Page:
Make no mistake, those who canvass rights are under considerable danger from an assortment of afflictions including character assassinations, quiet lateral interventions which discourage engagement by key authorities, downright intimidation and harassment and serious threat to limb and life. For these reasons a few courageous souls continue this struggle, for many the will to canvass has waned and for those seeking justice it remains a distant dream if not possibly a mirage. A very miniscule set of males and females play it both ways, a mata hari game, peddling and at times misrepresenting information and influence in the parlours and boudoirs with the VIP’s and or VVIP’s, a just critique particularly of two political parties of this charmed group.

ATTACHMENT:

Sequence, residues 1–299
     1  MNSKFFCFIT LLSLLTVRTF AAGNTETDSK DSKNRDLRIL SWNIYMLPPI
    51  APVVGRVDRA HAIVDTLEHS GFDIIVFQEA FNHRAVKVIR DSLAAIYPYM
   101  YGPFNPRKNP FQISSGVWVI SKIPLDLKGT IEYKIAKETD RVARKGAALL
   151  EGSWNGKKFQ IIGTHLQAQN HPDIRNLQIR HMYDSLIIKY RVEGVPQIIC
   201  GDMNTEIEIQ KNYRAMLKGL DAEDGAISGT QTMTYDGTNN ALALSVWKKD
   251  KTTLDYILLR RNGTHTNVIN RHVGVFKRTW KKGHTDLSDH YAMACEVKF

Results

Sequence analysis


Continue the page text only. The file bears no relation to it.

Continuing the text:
What in the world are we doing to ourselves and which Divinity granted the transgressors the right to inflict such suffering? Not Arahat Mahinda. By extension R2P seems as comical as the cartoons depicted in the Daily Mirror as we lurch to the end of one inglorious year.